Today marks the 50th anniversary of the Civil Rights Act of 1964. Equal treatment of all Americans, regardless of race, was a major debate for decades in the U.S. Congress. In 1963, President John F. Kennedy urged Congress to take action. Passage of the act was not easy. We’ll be exploring some of the key moments for the Civil Rights Act throughout the day.
The engrossing copy of H.R. 7152 shows the final text of the bill as passed (290 votes in favor to 130 votes against) by the House on February 10, 1964. Included in this excerpt are several amendments to the bill, most of which relate to the addition of gender to the categories in the bill that prohibited discrimination.
Excerpt of H.R. 7152 with Amendments, 1964, Records of the U.S House of Representatives (NAID 6037151)
LBJ Signs the Civil Rights Act of 1964 - Fifty Years Ago Today
On this day in 1964, President Lyndon B. Johnson signed the Civil Rights Act of 1964 outlawing discrimination based on race, color, national origin, religion, or sex in public accommodations such as hotels, theaters, parks, restaurants, and other public places.
The act also authorized the withdrawal of Federal funds from programs that practice discrimination. It discouraged job discrimination through the creation of the Equal Employment Opportunity Commission. Additionally, it authorized the Attorney General to bring lawsuits against schools practicing segregation, and made the Commission on Civil Rights a permanent organization.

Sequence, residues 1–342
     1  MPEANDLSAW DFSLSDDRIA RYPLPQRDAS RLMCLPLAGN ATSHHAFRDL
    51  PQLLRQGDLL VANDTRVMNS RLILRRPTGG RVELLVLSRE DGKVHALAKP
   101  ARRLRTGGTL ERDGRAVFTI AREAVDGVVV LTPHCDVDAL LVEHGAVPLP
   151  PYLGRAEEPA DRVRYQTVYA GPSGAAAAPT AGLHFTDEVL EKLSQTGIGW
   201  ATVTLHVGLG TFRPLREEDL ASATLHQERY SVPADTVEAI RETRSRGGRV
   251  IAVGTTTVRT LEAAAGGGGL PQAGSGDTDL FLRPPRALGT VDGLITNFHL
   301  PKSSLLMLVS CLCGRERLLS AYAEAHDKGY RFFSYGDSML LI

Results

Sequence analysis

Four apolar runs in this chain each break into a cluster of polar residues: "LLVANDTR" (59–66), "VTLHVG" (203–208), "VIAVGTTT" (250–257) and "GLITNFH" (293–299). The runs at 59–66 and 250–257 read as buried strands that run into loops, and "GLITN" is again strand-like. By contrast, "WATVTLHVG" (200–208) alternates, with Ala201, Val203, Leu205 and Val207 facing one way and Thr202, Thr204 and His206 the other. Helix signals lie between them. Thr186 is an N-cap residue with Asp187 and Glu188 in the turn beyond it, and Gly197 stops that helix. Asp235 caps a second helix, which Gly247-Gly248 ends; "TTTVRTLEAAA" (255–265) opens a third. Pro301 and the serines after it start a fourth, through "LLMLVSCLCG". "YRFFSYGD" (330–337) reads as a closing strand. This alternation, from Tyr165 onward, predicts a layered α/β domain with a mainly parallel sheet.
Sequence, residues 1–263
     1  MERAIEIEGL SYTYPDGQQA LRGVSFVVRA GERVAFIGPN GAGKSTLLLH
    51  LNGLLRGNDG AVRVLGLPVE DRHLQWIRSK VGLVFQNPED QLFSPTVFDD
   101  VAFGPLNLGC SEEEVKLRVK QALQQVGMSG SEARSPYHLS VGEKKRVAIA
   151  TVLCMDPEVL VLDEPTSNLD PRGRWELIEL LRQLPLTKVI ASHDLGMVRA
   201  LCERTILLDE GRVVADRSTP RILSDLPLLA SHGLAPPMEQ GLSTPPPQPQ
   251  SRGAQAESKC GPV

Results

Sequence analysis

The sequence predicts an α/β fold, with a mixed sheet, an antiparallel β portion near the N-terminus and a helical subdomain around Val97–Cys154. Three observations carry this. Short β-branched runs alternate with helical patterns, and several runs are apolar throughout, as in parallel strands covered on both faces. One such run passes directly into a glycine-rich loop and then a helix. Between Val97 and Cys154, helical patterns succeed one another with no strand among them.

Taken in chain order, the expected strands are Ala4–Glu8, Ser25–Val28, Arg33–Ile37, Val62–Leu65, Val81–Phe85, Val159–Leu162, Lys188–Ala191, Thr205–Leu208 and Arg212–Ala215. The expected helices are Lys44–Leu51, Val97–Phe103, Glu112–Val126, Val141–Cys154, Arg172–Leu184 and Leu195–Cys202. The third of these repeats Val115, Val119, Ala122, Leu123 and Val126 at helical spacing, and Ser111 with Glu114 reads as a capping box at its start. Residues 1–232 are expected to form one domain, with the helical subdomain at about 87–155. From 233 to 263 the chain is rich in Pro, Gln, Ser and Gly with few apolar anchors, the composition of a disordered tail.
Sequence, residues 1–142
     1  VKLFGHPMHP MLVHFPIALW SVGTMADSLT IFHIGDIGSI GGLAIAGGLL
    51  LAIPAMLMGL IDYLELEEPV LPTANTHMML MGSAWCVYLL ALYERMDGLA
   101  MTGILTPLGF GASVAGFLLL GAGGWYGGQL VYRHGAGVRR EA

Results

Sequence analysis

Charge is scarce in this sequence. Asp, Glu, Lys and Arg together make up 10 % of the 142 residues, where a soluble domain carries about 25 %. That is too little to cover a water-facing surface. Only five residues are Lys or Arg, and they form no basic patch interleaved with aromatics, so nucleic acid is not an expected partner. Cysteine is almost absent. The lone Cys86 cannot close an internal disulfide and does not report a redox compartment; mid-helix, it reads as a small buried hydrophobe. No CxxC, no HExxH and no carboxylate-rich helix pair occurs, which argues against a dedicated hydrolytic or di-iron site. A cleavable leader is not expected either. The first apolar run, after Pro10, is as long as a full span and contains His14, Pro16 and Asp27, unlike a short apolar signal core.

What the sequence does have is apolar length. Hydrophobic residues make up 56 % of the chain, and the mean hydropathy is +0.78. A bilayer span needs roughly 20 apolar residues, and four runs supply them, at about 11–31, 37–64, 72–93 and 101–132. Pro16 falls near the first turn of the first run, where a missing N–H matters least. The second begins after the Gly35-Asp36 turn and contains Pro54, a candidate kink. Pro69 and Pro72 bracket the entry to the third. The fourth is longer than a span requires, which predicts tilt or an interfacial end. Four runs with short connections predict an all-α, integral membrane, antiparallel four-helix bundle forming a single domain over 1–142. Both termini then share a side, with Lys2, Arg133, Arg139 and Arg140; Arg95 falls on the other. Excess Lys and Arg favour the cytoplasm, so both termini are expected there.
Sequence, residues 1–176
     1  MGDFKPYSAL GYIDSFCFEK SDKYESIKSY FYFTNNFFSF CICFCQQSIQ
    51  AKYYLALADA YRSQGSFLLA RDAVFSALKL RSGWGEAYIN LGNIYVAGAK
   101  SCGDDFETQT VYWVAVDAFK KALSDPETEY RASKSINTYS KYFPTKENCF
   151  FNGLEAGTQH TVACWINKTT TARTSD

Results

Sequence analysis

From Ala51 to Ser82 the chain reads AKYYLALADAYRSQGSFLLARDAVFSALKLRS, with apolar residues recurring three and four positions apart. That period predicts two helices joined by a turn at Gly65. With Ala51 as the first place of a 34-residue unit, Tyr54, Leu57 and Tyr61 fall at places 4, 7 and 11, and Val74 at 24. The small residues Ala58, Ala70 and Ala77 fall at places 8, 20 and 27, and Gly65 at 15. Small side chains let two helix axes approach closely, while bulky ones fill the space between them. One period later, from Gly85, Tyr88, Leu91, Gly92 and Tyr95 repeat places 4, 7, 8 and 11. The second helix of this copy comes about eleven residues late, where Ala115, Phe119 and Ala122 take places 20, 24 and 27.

President Lyndon B. Johnson signs the 1964 Civil Rights Act with Martin Luther King, Jr. and others behind him. East Room, White House. 7/2/64.
-from the LBJ Library
Plus more on the Civil Rights Act of 1964:
Don’t miss the new Civil Rights Act of 1964 Exhibit in Google’s Cultural Institute
Teaching resources at The Struggle for Rights in America, via DocsTeach
On July 2, 1964, with Martin Luther King, Jr., directly behind him, President Lyndon Johnson scrawled his signature on a document years in the making—the Civil Rights Act of 1964.
This year marks the 50th anniversary of the landmark legislation.
President Lyndon B. Johnson signs the 1964 Civil Rights Act as Martin Luther King, Jr., others look on, 07/02/1964. (The Lyndon Baines Johnson Presidential Library)
The first and the signature pages of the act will be on display at the National Archives Rubenstein Gallery in Washington, DC, until September 17, 2014. These 50-year-old sheets of paper represent years of struggle and society’s journey toward justice.
The most comprehensive civil rights legislation since the Reconstruction era, the Civil Right Act finally gave the Federal Government the means to enforce the promises of the 13th, 14th, and 15th Amendments. The act prohibited discrimination in public places, allowed the integration of public facilities and schools, and forbade discrimination in employment.